Just as a general rule, it’s amusing on its face when veterans of the Bush/Cheney administration choose – on purpose and in public – to talk about others’ foreign-policy “failures,” but it’s especially interesting when a member of Team Bush is concerned about presidents and maturity.

  21. rikyrah says:

    Tuesday, May 13, 2014
    The GOP Energy Drain

    The big Senate energy bill is now dead, the hostage having been killed by Republicans who wanted to insert amendments that would have permanently crippled the EPA’s regulatory power over clean air and water, ended green energy projects, stopped Department of Energy research, and a host of other GOP anti-environment and anti-science initiatives.

    Oh yeah, and the bill would have been a victory for two red state Democrats up for re-election. Can’t have that.

    Only three Republicans, including its chief GOP sponsor, Sen. Rob Portman (Ohio), voted to end debate and move to a final vote. Supporters needed 60 votes to overcome a filibuster from Republicans angered that Democrats wouldn’t allow votes on their amendments.

    Monday’s 55-36 vote followed days of negotiations that failed to yield a deal on amendments.The stalemate denied an important victory to the bill’s other sponsor, Sen. Jeanne Shaheen (D-N.H.), who faces a general-election challenge from former Sen. Scott Brown (R-Mass.).

    Democrats accused Republicans of sinking the bipartisan bill to prevent Shaheen from touting a win on the campaign trail. She worked with Portman for three and a half years on the bill.

    The legislation would have strengthened energy efficiency requirements for new homes and commercial buildings and encouraged private sector companies to develop energy efficient technology.

    The filibuster also thwarted Sen. Mary Landrieu (La.), another vulnerable incumbent who sought a vote on the pipeline. Senate Majority Leader Harry Reid (D-Nev.) promised a vote on Keystone if Republicans let the Shaheen-Portman energy efficiency bill reach a final vote.

  22. rikyrah says:

    Federal judge strikes down Idaho’s same-sex marriage ban

    05/14/14 08:01 AM
    By Steve Benen

    One by one, state laws against marriage equality are being challenged in the courts, and one by one, civil-rights proponents are prevailing. The latest victory came late yesterday, when a federal court struck down Idaho’s state constitutional amendment that banned same-sex marriage.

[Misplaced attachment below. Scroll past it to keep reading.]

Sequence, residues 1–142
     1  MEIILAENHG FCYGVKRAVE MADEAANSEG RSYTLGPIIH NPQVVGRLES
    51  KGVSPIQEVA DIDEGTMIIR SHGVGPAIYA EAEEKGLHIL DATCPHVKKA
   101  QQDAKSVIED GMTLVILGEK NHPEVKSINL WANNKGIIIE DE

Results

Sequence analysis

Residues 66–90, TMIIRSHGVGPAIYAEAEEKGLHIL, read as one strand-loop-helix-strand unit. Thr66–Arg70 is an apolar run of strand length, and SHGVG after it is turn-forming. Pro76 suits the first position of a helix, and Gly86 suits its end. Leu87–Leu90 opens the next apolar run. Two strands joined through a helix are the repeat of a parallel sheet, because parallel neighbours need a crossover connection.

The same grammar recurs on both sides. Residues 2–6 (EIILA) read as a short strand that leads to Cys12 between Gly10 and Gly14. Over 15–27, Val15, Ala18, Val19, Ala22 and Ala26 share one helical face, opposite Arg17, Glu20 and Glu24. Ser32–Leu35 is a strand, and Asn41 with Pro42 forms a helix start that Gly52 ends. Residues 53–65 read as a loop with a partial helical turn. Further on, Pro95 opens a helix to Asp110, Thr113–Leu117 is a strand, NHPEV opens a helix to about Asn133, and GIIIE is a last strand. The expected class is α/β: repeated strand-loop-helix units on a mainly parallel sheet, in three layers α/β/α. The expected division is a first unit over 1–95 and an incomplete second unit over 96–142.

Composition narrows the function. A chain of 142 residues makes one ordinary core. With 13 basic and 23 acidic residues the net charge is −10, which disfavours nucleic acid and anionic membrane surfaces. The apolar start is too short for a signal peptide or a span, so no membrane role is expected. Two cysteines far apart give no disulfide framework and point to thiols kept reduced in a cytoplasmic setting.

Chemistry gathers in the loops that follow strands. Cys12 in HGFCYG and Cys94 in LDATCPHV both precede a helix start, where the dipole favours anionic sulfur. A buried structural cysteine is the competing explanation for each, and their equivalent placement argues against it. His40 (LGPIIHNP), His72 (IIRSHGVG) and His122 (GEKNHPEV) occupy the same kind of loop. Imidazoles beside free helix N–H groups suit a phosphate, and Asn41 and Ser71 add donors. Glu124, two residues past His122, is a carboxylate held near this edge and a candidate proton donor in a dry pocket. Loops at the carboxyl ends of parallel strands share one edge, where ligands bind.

One week after hearing oral arguments in the case Latta v. Otter, sponsored by the National Center for Lesbian Rights, U.S. Magistrate Judge Candy Dale found the state’s voter-approved amendment that prohibits gay couples from marrying to be unconstitutional…. Dale ordered clerks to begin issuing marriage licenses to same-sex couples starting on Friday.

    In her opinion, Dale wrote that the right to marry is fundamental, one which Idaho’s laws wrongfully deny its gay and lesbian citizens. The U.S. Supreme Court has referenced the fundamental right to marry in at least 10 separate instances – most recently, in the landmark United States v. Windsor decision, which gutted the Defense of Marriage Act and cleared the way for federal agencies to begin recognizing same-sex marriages.

  23. Ametia says:

    Happy HUMP day, Everyone! Othello’s one of my favorite Shakepeare plays.

    Desdamona, Iago, and Othello. Sorry, but you just can’t perform Othello with out a BLACK actor, and these men have performed this role with all the focus and intensity it requires.

    LOVE this week’s series, thanks so much Rikyrah!

  24. rikyrah says:

    Moral Monday Movement Gears Up for Round Two

    Barry Yeoman

    May 13, 2014

    As the North Carolina state legislature reopens on May 14 with no ideological reversal in sight, the Monday takeovers of the rotunda will resume. So, likely, will the arrests.

    On Wednesday afternoon, the North Carolina legislature will open its 2014 session. It will be hard for the Republican majority to top last year’s performance, which shattered the final vestiges of the state’s 50-year reputation for moderate governance. With the help of newly elected GOP Gov. Pat McCrory, lawmakers in 2013 slashed both public education and unemployment benefits. They rejected an expansion of Medicaid, paid for almost entirely by the federal government, that would have covered at least 300,000 low-income North Carolinians. They cut corporate taxes and eliminated the earned-income credit for low-wage workers. And they rewrote the state’s election laws in a way that will make registration and voting harder, particularly for African-American, blue-collar, and younger voters.

    They might have done this without attracting national attention if not for the emergence of a political counterweight: a coalition of clergy, health professionals, educators, and other activists who took over the marble rotunda of the legislative building in Raleigh on twelve Mondays during the session—holding hands, praying, singing “We Shall Not Be Moved”—to protest what they viewed as an assault on the state’s most vulnerable residents.

    Many refused to leave until police escorted them away in plastic handcuffs. The Moral Monday demonstrations, spearheaded by the state NAACP and supported by dozens of other groups, produced 945 arrests and garnered international headlines. Activists in states from Florida to New York have borrowed the North Carolina model to organize similar protests.

  25. rikyrah says:

    Good Morning, Everyone :)